The Caproni Ca.125 was a single-engine, tandem two-seat, touring biplane built in Italy in 1933.
It could be operated either as a landplane or seaplane.
The Ca.125 was a wire braced single bay biplane with slender, elliptical, unequal span wings; pairs of parallel inter plane struts defined the bays and, because the lower wings had the greater span, these struts leaned inwards. The wings had neither stagger nor sweep.
Ailerons were fitted only on the lower planes. In contrast to the elegant wing plan, the fuselage was deep and portly, in part a consequence of the enclosed, tandem cockpits.
Since the canopies’ rooflines followed that of the upper fuselage, the crew sat low down, with poor forward views.
The forward view was also hindered by the six-cylinder upright engine, which had to be placed high in the nose to properly locate the thrust line.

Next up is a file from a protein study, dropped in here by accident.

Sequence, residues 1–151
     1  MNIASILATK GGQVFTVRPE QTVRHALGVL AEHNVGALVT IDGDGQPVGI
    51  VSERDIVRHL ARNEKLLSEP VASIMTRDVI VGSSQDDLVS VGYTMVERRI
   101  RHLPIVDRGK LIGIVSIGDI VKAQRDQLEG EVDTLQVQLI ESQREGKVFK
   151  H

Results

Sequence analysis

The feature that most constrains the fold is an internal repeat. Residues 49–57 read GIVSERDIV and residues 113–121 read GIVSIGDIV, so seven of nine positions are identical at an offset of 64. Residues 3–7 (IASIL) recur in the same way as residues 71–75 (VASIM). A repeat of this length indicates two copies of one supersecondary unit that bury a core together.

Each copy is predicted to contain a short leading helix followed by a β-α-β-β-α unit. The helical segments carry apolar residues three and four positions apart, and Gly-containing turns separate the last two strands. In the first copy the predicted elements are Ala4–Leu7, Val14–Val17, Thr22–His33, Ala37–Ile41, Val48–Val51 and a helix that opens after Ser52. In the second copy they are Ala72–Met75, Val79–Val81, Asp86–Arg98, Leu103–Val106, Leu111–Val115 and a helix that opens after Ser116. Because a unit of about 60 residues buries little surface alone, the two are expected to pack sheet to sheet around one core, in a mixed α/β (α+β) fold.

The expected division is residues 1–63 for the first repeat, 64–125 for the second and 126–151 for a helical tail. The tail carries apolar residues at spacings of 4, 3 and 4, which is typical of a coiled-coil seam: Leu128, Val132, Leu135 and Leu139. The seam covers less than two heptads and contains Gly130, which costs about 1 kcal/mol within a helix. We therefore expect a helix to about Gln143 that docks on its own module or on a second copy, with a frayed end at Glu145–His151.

As a result, the top of the cowling was at the same height as that of the windscreen; there was only a small gap between the screen and the rear of the engine.
Cabane struts joined the wing centre section to the fuselage over the forward cockpit; a shallow trailing edge cutout somewhat improved upward visibility from the rear seat.
The Ca.125’s fuselage was rounded in cross-section and tapered gradually to the tail.
The tail surfaces were conventional, with the tailplane mounted on top of the fuselage and braced to the lower longerons.
The elevators were separate so that the rounded rudder could extend to the base of the fuselage and move between them.
The fin was almost triangular.
The fixed undercarriage was conventional, with main wheels in spats mounted on V-form struts fixed to the fuselage sides just forward of the wing leading edge.
Half-axles joined the wheels to the central fuselage underside.
A Ca.125 idro version was also flown, its wheels replaced by a pair of duralumin floats, attached by struts to the lower fuselage